The theory of Property

Two descriptive approaches to the theory of property help clarify the function of cryptocurrency as property – the bundle theory and the essentialist theory.

The traditional bundle theory understands property as a collection of rights derived from their relationship to a particular thing. This idea involves two concepts: a collection of tangible or intangible things and a collection of various relations that the owner has regarding such things as claim rights, liberties, duties, and liabilities and other basic legal concepts. This philosophical approach is equivalent to the legal concept of norms in personam.

On the other hand, the essentialist theory focuses on the most essential characteristic of property: the right to exclude. This approach can therefore be translated to the legal concept of norms in rem which bind “all the world.” The exclusion theory captures the essential idea of property as the right to exclude non-owners from the use of resources.

Academicians interpreting cryptocurrency in the context of the modern theories of property in philosophy rely more heavily on the essentialist or exclusion theory. To qualify as property under this theory, the interest behind property ownership must be exclusion of all others. We saw in the earlier post that the most primitive aspect of blockchain (and cryptocurrencies) is the digital signature. Created to prevent double spending, the primary function of the key was therefore to exclude everybody except the owner of a private key from modifying the content of a message.

The owner of bitcoins has the exclusive right to dispose of them, transfer them using the blockchain, sell them for other currency, or give them away.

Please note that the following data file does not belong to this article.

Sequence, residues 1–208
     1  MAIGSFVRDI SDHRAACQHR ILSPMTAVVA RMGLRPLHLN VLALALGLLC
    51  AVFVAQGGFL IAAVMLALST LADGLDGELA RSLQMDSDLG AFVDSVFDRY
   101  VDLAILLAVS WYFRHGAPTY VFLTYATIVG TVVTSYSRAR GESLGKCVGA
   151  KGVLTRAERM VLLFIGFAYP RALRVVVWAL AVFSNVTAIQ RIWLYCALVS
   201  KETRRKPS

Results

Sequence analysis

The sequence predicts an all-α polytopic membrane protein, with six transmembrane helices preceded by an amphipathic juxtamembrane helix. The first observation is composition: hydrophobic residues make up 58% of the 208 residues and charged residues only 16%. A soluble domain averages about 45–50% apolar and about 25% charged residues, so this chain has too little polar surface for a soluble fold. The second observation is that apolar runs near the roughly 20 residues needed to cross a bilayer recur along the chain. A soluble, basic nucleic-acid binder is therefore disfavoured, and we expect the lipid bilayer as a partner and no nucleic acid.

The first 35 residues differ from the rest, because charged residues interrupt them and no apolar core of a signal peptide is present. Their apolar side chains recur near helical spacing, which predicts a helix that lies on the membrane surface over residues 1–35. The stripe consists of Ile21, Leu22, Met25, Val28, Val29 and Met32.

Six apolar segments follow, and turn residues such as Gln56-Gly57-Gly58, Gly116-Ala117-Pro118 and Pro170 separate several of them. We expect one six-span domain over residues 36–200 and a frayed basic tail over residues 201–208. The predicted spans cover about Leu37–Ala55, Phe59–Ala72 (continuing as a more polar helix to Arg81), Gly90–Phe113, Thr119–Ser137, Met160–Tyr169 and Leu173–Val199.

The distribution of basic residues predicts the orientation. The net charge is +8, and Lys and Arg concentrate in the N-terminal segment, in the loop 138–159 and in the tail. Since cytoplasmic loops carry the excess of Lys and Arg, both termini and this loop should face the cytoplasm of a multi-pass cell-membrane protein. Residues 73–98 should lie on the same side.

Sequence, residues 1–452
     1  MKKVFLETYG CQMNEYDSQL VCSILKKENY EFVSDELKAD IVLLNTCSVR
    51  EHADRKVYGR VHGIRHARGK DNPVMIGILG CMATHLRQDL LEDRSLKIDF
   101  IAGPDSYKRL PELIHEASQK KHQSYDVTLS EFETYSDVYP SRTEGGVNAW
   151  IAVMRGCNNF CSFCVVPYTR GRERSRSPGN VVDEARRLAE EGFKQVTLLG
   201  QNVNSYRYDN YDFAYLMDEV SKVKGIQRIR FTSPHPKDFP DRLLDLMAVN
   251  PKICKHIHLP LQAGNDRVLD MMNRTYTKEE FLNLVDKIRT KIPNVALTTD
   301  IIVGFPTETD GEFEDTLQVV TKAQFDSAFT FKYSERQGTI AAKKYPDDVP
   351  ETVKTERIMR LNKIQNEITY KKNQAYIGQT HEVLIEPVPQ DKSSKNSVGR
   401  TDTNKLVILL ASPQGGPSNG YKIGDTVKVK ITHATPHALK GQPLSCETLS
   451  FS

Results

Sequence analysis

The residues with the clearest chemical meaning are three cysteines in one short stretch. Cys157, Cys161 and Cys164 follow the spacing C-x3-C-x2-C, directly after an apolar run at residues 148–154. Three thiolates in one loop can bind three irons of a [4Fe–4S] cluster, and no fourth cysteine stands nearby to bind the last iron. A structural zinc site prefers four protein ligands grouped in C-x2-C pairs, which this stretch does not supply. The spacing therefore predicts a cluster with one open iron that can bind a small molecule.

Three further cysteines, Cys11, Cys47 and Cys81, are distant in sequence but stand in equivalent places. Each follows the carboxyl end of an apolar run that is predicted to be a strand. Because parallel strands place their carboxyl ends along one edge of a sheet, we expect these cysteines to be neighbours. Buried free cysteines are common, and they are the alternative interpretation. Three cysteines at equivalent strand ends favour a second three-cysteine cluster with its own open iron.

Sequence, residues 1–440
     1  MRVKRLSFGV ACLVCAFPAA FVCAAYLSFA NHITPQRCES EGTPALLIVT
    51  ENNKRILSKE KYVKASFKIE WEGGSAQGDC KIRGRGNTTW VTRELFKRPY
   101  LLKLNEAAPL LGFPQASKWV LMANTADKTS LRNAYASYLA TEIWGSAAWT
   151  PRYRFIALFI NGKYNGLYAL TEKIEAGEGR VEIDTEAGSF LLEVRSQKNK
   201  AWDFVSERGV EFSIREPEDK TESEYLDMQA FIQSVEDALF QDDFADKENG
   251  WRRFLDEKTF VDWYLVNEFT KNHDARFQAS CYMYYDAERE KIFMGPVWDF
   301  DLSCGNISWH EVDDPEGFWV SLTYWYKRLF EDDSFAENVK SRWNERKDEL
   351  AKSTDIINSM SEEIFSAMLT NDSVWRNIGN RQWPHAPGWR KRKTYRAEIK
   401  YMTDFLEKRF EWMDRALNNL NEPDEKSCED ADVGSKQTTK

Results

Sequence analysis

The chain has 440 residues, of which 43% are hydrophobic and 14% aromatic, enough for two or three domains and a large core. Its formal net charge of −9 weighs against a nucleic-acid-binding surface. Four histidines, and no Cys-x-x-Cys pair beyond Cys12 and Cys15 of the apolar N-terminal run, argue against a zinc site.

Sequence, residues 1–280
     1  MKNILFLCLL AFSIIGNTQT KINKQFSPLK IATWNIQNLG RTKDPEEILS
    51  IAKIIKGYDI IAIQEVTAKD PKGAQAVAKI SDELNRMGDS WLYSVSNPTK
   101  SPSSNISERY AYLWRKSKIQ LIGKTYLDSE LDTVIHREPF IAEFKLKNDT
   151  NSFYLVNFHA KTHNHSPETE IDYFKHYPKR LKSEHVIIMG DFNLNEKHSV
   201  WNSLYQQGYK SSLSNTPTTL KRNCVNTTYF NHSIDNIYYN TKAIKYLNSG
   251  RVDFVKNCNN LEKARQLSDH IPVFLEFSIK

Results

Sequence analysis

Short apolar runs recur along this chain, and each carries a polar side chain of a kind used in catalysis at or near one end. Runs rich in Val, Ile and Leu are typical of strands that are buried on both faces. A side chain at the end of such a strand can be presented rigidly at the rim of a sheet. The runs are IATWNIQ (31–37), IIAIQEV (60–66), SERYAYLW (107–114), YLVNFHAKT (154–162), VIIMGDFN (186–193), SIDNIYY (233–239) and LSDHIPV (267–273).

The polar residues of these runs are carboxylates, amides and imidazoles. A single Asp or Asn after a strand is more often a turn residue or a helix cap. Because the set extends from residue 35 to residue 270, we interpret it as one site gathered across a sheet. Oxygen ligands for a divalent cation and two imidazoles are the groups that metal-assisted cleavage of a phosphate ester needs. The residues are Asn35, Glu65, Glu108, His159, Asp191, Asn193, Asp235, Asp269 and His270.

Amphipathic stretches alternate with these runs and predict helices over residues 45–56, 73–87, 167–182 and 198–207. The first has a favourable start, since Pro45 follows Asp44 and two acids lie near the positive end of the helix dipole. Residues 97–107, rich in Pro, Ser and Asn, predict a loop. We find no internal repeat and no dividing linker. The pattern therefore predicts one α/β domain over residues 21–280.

Secondly, to classify as property under this theory, the property in question must also be “separable.” This means that ownership should not presuppose any special relationship with the property (unlike talent), making the property rights transferable. Such a transfer does not alter the nature of the property and the duty of all other non-owners to remain excluded from it. Virtual currencies fully satisfy this separability criteria – they offer multiple modes of ownership change, not only in the form of transactions on the blockchain, but also in the form of the physical transfer of the key pair.

Reading the exclusion theory further, we see that although it seeks to exclude others, this does not equate this right to a full, liberal, ownership. The right to exclude is not absolute and can be overridden by legitimate state power.

One of the reasons this discussion is highly relevant right now is due to newer developments in this field. For example, virtual currency platforms such as Ethereum are now developing smart contracts. Smart contracts are a series of “IF, THEN” statements, where the “ifs” are preconditions that must be met in order to trigger the “thens.” Proponents arguing that cryptocurrencies are beyond the realm of regulation often argue that as the smart contracts execute themselves without legal intervention, the “Code is Law.”.